- Historic Sites
Against this enemy, courage alone is not enough. From the beginning, firefighters have had to find ways to climb higher, shoot water farther, spot fires sooner. Here are some of the milestones in the history of fire-extinction technology.
November/December 2005 | Volume 56, Issue 6
Modern technology has brought great benefits to human life, and also great dangers. In 1945 New York City’s fire department formed the nation’s first fire, gas, and chemical unit in response to the threat of attack during World War II. Its preparation proved crucial in 1949, when a truck carrying chemicals exploded in the crowded Holland Tunnel. Radiation training was added during the Cold War. This unit has since become the model for hazmat squads across the country.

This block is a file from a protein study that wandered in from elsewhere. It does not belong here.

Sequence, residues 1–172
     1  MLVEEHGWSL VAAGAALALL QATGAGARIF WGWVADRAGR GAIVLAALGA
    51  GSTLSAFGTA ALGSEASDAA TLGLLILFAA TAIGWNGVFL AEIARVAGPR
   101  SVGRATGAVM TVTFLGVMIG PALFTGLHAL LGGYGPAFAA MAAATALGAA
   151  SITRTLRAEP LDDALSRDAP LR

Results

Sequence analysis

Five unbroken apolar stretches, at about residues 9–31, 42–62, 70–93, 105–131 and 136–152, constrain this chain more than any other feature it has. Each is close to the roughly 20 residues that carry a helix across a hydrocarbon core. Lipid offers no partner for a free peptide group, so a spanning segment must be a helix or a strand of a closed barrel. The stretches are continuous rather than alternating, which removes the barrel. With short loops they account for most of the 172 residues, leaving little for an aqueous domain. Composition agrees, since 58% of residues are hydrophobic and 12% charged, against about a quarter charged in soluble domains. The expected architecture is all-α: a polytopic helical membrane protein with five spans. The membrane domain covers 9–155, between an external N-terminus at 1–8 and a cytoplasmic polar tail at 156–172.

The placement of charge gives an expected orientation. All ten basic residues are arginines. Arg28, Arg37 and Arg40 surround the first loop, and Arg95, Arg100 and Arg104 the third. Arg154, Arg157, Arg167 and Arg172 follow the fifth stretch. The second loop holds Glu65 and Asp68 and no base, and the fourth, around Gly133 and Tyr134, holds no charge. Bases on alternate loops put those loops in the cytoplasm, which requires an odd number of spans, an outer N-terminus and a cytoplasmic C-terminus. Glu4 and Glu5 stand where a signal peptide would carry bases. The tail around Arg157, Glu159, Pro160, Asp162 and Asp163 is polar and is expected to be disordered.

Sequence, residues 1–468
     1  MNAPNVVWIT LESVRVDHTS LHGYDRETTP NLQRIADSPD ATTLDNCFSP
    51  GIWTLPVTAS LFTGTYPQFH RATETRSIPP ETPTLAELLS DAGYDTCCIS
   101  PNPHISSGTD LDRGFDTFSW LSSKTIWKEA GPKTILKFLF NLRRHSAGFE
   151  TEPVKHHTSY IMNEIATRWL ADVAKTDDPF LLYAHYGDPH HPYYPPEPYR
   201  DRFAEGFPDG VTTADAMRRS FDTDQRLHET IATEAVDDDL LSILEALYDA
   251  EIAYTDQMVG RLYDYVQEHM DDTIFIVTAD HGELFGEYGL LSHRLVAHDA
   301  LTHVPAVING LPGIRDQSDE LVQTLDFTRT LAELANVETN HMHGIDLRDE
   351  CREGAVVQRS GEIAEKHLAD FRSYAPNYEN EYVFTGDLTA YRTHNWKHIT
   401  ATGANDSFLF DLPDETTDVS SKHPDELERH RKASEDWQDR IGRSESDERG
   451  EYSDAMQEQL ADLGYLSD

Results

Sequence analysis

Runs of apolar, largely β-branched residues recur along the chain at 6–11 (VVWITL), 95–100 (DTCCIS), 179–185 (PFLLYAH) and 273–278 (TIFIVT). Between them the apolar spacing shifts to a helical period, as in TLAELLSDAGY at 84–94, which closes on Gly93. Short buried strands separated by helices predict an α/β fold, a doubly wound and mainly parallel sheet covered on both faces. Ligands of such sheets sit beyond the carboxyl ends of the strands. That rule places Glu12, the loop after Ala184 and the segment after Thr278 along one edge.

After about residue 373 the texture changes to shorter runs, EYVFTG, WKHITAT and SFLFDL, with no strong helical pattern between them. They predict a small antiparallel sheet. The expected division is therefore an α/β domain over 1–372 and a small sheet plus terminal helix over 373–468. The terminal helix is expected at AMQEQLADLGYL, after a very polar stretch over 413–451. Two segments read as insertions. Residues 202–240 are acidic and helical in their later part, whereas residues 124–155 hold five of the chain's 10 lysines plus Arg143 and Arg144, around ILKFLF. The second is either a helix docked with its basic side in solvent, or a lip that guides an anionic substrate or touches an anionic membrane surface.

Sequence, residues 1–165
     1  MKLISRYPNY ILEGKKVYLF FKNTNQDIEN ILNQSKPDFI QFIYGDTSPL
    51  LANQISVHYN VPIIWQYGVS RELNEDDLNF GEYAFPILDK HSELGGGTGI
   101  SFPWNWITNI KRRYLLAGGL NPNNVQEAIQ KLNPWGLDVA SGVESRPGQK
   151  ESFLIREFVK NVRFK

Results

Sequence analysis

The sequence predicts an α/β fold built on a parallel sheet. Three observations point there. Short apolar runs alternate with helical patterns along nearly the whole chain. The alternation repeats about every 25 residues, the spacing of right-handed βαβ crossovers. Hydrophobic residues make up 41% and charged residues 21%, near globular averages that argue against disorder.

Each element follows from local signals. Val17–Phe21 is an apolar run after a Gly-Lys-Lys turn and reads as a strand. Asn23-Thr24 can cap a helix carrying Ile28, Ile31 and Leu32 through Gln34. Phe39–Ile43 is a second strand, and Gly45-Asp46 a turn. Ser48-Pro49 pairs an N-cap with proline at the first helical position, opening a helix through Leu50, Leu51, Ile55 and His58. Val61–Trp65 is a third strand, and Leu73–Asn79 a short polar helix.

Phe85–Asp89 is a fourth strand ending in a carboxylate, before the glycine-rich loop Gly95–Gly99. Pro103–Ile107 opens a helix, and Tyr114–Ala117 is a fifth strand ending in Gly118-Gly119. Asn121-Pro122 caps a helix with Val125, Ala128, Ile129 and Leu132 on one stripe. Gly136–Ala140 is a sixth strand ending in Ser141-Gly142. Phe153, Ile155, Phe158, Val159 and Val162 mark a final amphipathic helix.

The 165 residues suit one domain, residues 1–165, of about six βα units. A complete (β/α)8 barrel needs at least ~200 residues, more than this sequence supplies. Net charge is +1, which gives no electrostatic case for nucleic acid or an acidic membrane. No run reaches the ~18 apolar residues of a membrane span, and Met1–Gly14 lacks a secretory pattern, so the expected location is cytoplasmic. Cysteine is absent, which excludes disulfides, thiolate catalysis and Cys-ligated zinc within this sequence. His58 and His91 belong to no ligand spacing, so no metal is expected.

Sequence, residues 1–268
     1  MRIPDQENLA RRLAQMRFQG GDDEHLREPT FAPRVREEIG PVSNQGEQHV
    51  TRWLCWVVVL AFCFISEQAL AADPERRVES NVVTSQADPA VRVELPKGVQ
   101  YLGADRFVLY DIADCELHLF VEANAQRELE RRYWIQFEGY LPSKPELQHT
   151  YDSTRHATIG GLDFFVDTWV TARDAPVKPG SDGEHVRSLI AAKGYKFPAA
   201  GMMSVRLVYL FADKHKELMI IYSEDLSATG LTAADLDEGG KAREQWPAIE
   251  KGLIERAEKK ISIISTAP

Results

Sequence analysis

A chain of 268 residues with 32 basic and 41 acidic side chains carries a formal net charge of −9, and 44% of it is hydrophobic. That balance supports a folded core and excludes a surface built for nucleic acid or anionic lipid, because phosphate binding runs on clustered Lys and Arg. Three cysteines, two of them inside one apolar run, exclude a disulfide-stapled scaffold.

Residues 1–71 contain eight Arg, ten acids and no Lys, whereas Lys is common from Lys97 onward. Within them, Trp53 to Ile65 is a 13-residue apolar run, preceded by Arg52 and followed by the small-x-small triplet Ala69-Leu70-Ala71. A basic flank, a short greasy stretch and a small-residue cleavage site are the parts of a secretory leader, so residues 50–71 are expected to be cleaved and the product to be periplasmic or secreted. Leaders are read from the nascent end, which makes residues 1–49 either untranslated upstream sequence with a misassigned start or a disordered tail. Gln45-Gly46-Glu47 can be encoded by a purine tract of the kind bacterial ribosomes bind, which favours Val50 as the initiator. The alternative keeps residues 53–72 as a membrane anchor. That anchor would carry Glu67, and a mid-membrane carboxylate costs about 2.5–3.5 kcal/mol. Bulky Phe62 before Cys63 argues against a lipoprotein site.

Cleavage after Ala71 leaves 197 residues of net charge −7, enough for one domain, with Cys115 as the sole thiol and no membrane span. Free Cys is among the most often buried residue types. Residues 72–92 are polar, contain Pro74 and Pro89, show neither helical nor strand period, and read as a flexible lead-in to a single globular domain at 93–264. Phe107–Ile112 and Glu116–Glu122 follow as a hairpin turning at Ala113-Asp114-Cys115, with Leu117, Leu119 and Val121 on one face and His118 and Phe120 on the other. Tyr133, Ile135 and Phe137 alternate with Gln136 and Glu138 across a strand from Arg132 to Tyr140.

In 1965 the FDNY purchased the Super Pumper, the most powerful land-based apparatus ever developed. It was capable of shooting 8,800 gallons of water per minute (still less than the big fireboats). It was the size of a large semi-truck, however, which made it difficult to navigate narrow city streets, and it needed special tenders—“satellite trucks”—to help it operate. Although it performed well at a number of fires, it was eventually deemed too complicated and expensive and was retired from service in 1982.